Scribes and Pharisees sit[ting] within Rome . . . accumulate valuable furnishings, they pile up gold and silver at the bank . . . delight in the plunder of churches and calculate all profits as piety. They deliver justice not for the sake of truth but for a price. . . . Even the Roman pontiç himself is burdensome and almost intolerable to everyone, since . . . he erects palaces and parades himself about not only in purple vestments but in gilded clothes. . . . They pick clean the spoils of the provinces as if they wanted to recover the treasures of Croesus.

In the 1430s, an anonymous cleric probably living in Basel, where today’s Switzerland meets Germany and France, conceived a far-reaching reform of the church and empire, purportedly on behalf of the Holy Roman Emperor Sigismund (d.1437). From its terms, a detailed picture of the church kleptocracy emerges. Along with indulgences—“as I love God, terrible simony and sin”—the text denounces multiple benefices, the sale of papal seals for ocial documents, and cardinals’ large retinues. The reform called for a fixed salary for all church officials and an end to clerics’ demands of “gifts” for their work, or the sale of dispensations for their illegal activities (such as sleeping with their maidservants).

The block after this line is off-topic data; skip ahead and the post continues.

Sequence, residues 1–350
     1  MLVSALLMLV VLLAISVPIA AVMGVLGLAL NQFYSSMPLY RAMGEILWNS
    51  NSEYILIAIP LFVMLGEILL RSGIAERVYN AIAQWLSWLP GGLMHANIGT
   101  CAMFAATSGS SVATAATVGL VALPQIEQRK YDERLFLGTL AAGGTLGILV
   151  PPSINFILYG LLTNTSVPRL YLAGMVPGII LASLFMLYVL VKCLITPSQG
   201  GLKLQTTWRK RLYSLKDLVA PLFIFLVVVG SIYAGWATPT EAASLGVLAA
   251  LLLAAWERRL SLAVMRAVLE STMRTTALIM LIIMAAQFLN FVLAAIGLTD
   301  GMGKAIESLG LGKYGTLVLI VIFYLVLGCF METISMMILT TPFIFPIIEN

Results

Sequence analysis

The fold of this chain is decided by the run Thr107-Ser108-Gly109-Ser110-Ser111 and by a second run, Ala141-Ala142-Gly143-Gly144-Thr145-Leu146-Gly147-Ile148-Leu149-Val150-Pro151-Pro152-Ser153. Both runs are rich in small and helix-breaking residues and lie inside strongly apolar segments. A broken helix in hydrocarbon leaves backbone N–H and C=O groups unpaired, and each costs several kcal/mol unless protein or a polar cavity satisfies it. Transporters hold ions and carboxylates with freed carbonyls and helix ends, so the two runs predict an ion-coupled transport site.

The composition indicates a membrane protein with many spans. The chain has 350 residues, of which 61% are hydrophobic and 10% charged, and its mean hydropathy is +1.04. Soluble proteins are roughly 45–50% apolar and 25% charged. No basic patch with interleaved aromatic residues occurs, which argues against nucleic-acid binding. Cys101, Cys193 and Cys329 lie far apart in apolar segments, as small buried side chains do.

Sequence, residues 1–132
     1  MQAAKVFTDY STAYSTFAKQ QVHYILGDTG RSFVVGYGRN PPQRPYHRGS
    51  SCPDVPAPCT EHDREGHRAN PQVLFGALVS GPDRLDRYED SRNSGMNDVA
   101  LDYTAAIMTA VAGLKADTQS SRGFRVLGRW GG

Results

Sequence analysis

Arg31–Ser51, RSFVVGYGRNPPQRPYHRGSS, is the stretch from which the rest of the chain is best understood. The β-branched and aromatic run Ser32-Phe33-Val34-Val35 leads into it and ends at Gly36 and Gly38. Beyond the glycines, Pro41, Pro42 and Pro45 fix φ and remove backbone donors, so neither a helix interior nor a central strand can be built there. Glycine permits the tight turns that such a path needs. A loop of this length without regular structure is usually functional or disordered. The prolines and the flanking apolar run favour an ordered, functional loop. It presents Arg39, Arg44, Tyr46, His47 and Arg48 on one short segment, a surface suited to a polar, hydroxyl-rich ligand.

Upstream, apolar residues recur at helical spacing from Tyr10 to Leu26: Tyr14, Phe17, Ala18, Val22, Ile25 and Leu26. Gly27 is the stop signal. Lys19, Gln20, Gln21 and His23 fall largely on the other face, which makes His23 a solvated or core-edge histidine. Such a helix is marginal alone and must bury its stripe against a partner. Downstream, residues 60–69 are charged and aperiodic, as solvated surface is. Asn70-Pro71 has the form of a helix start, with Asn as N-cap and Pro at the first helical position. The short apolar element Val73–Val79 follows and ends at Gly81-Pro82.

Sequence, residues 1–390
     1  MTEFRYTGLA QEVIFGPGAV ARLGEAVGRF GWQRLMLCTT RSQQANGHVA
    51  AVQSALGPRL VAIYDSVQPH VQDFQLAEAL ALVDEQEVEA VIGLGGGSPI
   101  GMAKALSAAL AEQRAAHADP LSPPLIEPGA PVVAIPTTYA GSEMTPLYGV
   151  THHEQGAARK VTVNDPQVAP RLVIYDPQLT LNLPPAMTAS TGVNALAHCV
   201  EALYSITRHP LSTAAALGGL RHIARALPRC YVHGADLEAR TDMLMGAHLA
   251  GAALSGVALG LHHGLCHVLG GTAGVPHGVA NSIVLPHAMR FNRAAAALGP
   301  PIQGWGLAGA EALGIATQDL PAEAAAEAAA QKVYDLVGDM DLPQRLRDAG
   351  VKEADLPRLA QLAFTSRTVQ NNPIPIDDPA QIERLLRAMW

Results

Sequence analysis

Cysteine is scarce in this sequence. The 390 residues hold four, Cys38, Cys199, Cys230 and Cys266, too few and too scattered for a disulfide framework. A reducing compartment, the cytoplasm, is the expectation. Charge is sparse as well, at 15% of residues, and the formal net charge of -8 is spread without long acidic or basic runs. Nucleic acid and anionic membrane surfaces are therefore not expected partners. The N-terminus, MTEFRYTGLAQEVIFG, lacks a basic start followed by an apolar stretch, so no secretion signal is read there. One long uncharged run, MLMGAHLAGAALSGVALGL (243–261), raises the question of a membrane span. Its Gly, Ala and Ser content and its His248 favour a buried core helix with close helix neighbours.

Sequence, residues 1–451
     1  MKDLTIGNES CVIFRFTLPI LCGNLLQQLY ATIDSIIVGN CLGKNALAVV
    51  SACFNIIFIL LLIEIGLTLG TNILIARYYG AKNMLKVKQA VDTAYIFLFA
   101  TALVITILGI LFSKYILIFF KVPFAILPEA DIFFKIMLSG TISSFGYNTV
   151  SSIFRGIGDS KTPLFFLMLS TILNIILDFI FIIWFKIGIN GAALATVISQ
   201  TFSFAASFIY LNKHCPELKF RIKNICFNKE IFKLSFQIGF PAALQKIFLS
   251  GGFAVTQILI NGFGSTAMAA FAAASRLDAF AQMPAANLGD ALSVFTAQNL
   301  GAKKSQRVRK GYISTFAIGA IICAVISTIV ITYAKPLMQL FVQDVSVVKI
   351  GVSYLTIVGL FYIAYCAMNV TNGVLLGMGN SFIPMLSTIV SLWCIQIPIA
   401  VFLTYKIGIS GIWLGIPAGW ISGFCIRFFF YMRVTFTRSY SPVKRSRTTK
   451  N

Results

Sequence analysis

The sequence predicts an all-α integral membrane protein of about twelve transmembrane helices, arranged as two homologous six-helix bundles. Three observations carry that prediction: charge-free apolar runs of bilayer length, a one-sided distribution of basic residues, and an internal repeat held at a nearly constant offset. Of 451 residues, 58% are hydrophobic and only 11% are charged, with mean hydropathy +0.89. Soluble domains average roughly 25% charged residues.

In the latter half of the fifteenth century and the early sixteenth, a whole body of complaint literature grew up, collectively referred to as
the “grievances of the German people against Rome.” A treatise submitted to the Diet of Worms in 1521 listed one hundred and one specific complaints, including:

• Transfer of secular cases to Rome or ecclesiastical courts, under pain of excommunication,

• Transfer of benefices to Rome if a cleric dies there or on his way,

• High annual taxes (“annates”) imposed on Germany,

• High confirmation fees for bishops, or the requirement that prelates buy or lease their benefices from Rome,

• Annulment of the local elections to church office to make way for the pope’s cronies,